ANN JOHANSSON / UCLA Health System

Yuba City's Emily Fennell learns to use her new hand during a therapy session at UCLA in April. Fennell will be on a Rose Parade float Jan. 2.

Yuba City woman, recipient of hand transplant, to wave from Rose Parade float

Published: Friday, Dec. 23, 2011 - 12:00 am | Page 3B
Last Modified: Sunday, Dec. 25, 2011 - 1:44 pm

Emily Fennell of Yuba City said she looks forward to waving from a Rose Parade float with either hand this year.

"I'm very excited about that," she said of the prospect of ambidextrous waving to the crowd from the Donate Life float at the Rose Parade on Jan. 2.

Fennell lost her right hand as a result of a rollover accident in 2006. Nine months ago, the office assistant became the West Coast's first hand-transplant patient, according to transplant experts.

Fennell, 26, is so accustomed to her new right hand, she can barely remember when she didn't have one.

"It's so second nature to have a right hand again," she said.

Fennell was a passenger in the front seat of a car that clipped the back of another vehicle on June 11, 2006, in Hermosa Beach. During the accident, her right hand was caught between her vehicle and the road, according to information from UCLA Health System Transplantation Services.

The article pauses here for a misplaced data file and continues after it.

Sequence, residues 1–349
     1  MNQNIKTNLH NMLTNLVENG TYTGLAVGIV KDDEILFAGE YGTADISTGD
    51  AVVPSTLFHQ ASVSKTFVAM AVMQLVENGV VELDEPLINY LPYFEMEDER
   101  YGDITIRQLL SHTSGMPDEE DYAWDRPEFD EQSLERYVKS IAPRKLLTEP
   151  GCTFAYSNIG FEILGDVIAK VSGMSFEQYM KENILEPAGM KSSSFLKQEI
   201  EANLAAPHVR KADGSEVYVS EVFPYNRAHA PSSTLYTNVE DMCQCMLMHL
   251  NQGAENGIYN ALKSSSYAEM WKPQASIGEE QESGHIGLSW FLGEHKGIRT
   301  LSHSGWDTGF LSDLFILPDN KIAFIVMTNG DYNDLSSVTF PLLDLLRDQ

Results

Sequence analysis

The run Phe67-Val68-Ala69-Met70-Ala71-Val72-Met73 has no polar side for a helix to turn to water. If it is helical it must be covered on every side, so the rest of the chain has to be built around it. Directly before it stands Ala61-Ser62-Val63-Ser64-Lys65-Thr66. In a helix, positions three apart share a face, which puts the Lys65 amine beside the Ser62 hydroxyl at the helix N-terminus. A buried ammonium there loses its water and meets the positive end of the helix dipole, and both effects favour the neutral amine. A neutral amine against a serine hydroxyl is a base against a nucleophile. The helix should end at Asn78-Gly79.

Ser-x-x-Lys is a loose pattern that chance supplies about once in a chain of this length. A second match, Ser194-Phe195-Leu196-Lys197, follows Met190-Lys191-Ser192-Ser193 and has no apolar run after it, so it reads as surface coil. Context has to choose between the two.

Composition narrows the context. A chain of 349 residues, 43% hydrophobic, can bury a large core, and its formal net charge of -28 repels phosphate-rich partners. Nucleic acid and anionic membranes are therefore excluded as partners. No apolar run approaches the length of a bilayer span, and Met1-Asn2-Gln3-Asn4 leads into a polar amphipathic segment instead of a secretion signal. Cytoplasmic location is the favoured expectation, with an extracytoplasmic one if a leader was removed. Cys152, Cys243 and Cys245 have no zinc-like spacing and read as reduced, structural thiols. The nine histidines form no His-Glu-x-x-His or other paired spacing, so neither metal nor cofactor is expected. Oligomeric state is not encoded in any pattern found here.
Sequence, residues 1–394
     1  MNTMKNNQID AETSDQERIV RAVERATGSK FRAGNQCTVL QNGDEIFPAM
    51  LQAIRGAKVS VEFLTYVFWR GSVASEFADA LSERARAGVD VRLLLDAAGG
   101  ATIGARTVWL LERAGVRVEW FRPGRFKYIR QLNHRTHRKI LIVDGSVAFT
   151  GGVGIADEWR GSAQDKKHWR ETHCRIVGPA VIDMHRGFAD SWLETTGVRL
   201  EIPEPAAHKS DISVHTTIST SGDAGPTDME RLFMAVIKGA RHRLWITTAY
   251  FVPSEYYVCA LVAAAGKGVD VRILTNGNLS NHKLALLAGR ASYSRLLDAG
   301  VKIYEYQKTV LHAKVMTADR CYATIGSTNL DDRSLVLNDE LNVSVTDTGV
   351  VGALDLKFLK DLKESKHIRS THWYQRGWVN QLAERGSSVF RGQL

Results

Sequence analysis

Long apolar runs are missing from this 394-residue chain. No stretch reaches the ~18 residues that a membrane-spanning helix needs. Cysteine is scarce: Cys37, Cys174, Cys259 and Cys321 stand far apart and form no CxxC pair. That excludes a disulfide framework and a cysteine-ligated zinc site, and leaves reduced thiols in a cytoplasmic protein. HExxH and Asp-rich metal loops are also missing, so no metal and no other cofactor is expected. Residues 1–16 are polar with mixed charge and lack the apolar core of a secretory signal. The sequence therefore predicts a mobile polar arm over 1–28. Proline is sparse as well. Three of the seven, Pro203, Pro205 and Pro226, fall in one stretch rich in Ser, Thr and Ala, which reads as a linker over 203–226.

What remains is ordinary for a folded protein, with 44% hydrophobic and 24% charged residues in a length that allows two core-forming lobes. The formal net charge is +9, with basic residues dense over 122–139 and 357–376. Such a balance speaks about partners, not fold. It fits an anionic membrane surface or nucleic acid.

Doctors at UCLA Medical Center determined her hand was too badly injured to save and it was amputated.

At different times she was fitted with a prosthetic hand and a traditional hook prosthesis.

However, she stopped using the prostheses because she realized she could function about the same without them and they were not comfortable.

She still missed being able to teach her daughter how to tie her shoes and she longed to perform the simple task of putting her own hair up in a ponytail.

Even without a right hand, she was able type 40 words per minute and work as an office assistant for Yuba County. However, she has not been able to advance, because, without both hands, she could not reach 50 words per minute.

So Fennell had transplant surgery at Ronald Reagan UCLA Medical Center in a 14-hour procedure beginning just before midnight March 4.

"It wasn't that long ago that transplantation of a hand was just a dream," said Dr. Kodi Azari, surgical director of the UCLA Hand Transplantation program.

Fennell said the hand is still not fully functional. She still can't put her hair up in a ponytail – but she can paint her own fingernails.

She will be one of 28 riders on the Donor Life float, representing organ and tissue donors, transplant recipients and candidates on waiting lists.

Tracy Bryan, spokeswoman for Sierra Donor Services, said those interested in signing up to be a donor can go online to www.donateLIFEcalifornia. org or through the DMV when applying for or renewing a driver's license.

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Read more articles by Bill Lindelof



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